In all of the tested states, voters oppose the government shutdown by lopsided margins, a sign that the shutdown may be damaging Republicans' electoral chances.

Sens. Mark PryorMark Lunsford PryorMedicaid rollback looms for GOP senators in 2020 Cotton pitches anti-Democrat message to SC delegation Ex-Sen. Kay Hagan joins lobby firm MORE (D-Ark.), Mary LandrieuMary Loretta LandrieuCongress needs to work to combat the poverty, abuse and neglect issues that children face Dems wrestle over how to vote on ‘Green New Deal’ Lobbying world MORE (D-La.) and Kay HaganKay Ruthven HaganWarning signs flash for Tillis in North Carolina Tillis trails Democratic challenger by 7 points in North Carolina poll North Carolina businessman will challenge Tillis in GOP primary MORE (D-N.C.) all hold leads over their GOP opponents in the surveys, conducted by the Democratic firm Public Policy Polling.

Landrieu leads Rep. Bill Cassidy (R-La.) 48 percent to 41 percent. That lead grows to 52 percent to 42 percent after voters are informed about the candidates' positions on the shutdown. Pryor leads 44 percent to 41 percent over Rep. Tom CottonThomas (Tom) Bryant CottonGOP warns Graham letter to Pelosi on impeachment could 'backfire' Zuckerberg defends meetings with conservative politicians, pundits Bipartisan senators want federal plan for sharing more info on supply chain threats MORE (R-Ark.), and that lead remains steady after the shutdown questions are asked. Hagan leads a generic Republican challenger 47 percent to 42 percent, and that lead jumps to 49 percent to 41 percent when voters are told she opposed the shutdown.

Rep. Gary Peters (D-Mich.) leads former Michigan Secretary of State Terri Lynn Land (R) 43 percent to 36 percent, and that lead jumps to 50 percent to 36 percent when voters are told he opposed the shutdown. Rep. Bruce BraleyBruce Lowell Braley2020 caucuses pose biggest challenge yet for Iowa's top pollster OPINION | Tax reform, not Trump-McConnell feuds, will make 2018 a win for GOP Ten years later, House Dems reunite and look forward MORE (D-Iowa) holds a lead of 45 percent to 41 percent over a generic Republican candidate, and that expands to 46 percent to 39 percent when voters are told he opposed the shutdown.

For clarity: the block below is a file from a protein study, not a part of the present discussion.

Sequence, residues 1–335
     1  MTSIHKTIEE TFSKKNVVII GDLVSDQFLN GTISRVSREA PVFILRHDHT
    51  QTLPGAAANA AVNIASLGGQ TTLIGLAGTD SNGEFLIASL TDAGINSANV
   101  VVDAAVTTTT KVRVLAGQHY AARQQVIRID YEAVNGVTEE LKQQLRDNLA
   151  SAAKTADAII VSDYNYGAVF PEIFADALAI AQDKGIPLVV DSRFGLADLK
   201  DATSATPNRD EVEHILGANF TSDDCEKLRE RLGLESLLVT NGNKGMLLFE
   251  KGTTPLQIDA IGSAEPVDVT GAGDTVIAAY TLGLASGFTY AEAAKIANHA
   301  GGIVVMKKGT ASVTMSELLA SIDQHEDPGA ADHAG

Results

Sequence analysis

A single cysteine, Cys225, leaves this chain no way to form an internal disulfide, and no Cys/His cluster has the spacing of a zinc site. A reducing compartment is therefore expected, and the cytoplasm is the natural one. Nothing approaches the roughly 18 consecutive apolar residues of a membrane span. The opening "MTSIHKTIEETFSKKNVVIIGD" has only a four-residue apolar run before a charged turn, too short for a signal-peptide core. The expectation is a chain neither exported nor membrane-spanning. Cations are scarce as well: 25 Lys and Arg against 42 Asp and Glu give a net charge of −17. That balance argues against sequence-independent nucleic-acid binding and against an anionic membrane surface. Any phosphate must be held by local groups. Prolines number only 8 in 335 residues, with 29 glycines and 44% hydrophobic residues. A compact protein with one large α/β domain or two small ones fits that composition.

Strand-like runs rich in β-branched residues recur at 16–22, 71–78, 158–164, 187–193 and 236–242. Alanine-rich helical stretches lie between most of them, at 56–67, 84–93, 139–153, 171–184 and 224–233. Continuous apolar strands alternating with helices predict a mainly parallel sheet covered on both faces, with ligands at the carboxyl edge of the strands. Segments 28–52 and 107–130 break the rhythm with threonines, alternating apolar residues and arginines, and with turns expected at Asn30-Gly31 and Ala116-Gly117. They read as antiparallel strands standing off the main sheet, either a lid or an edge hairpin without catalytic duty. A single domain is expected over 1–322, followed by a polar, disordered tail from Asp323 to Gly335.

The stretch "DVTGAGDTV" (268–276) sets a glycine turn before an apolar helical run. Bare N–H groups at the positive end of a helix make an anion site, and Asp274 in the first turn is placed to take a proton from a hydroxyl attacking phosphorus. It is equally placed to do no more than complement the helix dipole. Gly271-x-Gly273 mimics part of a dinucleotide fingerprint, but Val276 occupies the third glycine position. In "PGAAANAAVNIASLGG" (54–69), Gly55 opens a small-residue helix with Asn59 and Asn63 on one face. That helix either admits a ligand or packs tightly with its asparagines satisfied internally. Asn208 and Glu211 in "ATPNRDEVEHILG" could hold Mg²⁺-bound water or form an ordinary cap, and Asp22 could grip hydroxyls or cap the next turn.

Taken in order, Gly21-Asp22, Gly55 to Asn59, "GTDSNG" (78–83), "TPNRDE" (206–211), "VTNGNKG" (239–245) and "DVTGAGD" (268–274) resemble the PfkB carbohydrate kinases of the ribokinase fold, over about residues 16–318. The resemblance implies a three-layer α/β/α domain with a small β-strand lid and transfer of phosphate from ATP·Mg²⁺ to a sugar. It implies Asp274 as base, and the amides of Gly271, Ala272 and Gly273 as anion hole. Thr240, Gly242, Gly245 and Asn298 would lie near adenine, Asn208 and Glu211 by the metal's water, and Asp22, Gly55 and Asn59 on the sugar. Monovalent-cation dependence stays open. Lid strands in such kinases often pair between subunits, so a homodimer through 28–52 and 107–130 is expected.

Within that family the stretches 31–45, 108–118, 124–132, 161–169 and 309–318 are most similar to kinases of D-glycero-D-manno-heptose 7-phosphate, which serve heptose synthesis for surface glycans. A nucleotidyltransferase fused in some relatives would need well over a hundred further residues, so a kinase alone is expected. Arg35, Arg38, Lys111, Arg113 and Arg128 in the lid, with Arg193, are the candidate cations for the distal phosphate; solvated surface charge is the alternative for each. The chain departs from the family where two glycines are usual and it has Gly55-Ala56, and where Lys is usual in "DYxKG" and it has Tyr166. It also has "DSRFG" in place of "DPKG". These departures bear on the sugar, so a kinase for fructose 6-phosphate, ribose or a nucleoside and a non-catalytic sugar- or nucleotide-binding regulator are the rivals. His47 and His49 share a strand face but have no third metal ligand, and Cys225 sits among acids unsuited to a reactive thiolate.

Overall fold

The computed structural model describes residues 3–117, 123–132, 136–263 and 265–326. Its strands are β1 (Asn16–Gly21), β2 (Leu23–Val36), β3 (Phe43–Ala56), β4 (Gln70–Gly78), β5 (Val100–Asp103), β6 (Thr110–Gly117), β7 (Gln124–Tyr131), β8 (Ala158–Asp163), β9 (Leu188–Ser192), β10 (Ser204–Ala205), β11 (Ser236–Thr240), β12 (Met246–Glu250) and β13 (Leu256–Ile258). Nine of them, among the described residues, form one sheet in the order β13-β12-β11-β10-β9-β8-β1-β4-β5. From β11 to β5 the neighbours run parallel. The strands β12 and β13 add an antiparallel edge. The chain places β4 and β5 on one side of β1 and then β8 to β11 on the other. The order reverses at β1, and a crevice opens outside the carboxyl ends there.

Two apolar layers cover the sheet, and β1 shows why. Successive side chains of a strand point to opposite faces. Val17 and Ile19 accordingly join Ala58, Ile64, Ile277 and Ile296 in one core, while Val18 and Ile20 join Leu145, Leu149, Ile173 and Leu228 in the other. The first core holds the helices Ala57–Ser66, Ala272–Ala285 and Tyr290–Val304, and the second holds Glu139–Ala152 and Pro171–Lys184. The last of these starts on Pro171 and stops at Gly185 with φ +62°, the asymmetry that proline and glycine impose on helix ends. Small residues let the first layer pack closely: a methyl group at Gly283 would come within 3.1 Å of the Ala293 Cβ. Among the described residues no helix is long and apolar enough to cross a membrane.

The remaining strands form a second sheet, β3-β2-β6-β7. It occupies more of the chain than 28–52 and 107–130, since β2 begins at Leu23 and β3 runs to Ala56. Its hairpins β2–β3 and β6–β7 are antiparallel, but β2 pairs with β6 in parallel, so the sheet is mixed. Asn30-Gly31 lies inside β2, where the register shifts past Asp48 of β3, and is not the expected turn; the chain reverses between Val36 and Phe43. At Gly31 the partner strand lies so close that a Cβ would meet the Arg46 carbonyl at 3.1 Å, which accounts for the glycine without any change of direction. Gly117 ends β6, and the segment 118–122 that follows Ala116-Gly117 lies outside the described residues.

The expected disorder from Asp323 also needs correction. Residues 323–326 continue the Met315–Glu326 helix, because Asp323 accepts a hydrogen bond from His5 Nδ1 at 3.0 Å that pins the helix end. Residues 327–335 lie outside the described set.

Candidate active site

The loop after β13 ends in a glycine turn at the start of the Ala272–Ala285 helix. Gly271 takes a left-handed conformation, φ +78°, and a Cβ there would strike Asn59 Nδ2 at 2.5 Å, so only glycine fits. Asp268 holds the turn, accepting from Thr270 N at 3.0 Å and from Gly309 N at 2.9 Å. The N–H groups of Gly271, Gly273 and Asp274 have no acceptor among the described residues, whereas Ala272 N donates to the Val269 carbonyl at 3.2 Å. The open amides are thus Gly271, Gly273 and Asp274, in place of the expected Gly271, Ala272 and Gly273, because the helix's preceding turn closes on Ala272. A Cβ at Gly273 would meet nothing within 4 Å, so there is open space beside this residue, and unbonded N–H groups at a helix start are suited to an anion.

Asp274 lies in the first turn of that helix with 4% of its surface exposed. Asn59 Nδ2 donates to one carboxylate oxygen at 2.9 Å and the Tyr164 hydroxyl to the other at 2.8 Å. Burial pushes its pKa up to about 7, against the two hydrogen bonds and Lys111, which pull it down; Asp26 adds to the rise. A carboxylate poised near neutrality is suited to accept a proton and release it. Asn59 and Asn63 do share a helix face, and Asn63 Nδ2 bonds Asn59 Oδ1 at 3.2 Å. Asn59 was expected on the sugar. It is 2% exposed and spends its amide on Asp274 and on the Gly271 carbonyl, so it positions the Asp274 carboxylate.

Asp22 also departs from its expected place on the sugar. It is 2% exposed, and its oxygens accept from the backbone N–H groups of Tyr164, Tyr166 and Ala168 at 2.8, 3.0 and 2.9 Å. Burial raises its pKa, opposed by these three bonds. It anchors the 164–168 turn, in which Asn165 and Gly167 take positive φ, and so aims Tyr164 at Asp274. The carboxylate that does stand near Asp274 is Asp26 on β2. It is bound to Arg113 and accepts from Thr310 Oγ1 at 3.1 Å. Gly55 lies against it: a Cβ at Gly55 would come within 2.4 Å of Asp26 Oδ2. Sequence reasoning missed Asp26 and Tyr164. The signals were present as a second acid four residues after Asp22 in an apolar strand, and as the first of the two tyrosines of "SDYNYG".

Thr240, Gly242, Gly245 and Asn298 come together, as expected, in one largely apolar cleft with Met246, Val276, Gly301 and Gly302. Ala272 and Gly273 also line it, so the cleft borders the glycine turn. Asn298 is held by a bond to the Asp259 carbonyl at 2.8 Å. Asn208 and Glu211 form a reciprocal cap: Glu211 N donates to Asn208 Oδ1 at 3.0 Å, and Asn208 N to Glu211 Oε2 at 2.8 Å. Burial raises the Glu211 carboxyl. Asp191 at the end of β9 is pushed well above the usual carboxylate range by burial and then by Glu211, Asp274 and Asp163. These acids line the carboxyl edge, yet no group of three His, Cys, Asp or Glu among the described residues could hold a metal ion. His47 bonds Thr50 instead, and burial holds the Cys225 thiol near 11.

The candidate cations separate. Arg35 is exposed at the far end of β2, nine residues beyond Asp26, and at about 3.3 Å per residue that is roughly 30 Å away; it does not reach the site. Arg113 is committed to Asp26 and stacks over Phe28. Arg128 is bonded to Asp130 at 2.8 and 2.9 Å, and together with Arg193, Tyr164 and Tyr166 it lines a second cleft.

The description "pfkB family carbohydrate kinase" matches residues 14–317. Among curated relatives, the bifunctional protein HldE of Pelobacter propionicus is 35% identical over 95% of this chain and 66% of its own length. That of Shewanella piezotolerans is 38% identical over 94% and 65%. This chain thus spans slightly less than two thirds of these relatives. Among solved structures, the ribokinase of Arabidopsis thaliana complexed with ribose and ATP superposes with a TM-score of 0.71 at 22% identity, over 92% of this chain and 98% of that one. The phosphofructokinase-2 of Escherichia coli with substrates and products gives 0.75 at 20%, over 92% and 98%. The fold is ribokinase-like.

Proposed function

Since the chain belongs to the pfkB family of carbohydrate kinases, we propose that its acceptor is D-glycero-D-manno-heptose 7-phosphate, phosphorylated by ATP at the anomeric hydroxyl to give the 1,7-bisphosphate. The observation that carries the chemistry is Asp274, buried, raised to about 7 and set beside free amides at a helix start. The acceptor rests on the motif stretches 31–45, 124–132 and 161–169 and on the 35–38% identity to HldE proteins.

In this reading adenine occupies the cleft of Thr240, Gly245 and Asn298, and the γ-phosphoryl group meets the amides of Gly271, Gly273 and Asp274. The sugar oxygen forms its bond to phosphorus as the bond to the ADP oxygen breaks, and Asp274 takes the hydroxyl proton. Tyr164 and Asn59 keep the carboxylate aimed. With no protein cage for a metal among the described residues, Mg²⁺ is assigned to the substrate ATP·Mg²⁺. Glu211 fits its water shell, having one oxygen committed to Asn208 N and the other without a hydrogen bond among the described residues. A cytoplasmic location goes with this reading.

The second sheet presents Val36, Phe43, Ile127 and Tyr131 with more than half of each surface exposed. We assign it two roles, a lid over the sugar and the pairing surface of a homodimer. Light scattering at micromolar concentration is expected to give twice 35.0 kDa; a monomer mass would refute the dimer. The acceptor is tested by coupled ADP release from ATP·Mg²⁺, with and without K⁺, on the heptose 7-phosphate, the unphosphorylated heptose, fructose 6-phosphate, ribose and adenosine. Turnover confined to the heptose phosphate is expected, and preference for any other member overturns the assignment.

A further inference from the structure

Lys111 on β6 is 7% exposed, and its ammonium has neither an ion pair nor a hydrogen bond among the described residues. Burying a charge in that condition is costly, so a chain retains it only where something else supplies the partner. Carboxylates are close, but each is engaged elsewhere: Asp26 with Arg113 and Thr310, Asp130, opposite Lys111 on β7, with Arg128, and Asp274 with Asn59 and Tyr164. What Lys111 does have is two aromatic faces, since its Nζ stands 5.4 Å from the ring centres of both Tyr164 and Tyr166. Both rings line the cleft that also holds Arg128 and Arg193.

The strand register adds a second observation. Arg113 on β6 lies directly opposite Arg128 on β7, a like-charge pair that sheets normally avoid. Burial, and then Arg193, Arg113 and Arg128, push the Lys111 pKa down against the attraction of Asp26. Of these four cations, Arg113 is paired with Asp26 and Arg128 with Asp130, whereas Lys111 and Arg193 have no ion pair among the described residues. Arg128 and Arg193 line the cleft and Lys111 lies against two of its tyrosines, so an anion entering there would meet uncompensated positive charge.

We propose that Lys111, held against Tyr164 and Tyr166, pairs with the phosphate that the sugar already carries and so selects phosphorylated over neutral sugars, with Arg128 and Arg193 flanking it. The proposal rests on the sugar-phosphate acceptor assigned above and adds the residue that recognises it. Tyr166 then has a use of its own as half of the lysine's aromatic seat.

Georgia's Senate race could also be affected by the shutdown. Democrat Michelle Nunn starts off tied at 42 percent with a generic Republican in the race. When voters are told that three of her potential opponents, Reps. Phil GingreyJohn (Phil) Phillip Gingrey2017's top health care stories, from ObamaCare to opioids Beating the drum on healthcare Former GOP chairman joins K Street MORE (R-Ga.), Jack Kingston (R-Ga.) and Paul BrounPaul Collins BrounJoe Lieberman's son running for Senate in Georgia California lawmaker's chief of staff resigns after indictment Republican candidates run against ghost of John Boehner MORE (R-Ga.) all supported the GOP position on the shutdown, she opens up a 6 percentage point lead.

Partisan polls should always be read with some amount of skepticism, and the way the question is worded seems to place the blame completely on the GOP, which may not be how voters view the situation and could inflate Democrats' standing in some of the later ballot tests. The shutdown appears to be nearing its conclusion, as well, and it's unclear how much this debate will impact an election that's more than a year away.

But nonpartisan national polling has found that voters blame the GOP much more for the shutdown than Democrats, and these results indicate that the ongoing shutdown may be badly hurting Republicans' hopes of winning a majority in the Senate next year.

"These polls make it clear that across the country, whether a state voted for Obama by 10 points or voted for Romney by 20, voters are extremely angry about the government shutdown. And it’s going to make Republican hopes of taking back the Senate next year that much harder," writes PPP pollster Tom Jensen in the memo.

--This report was updated at 1:59 p.m.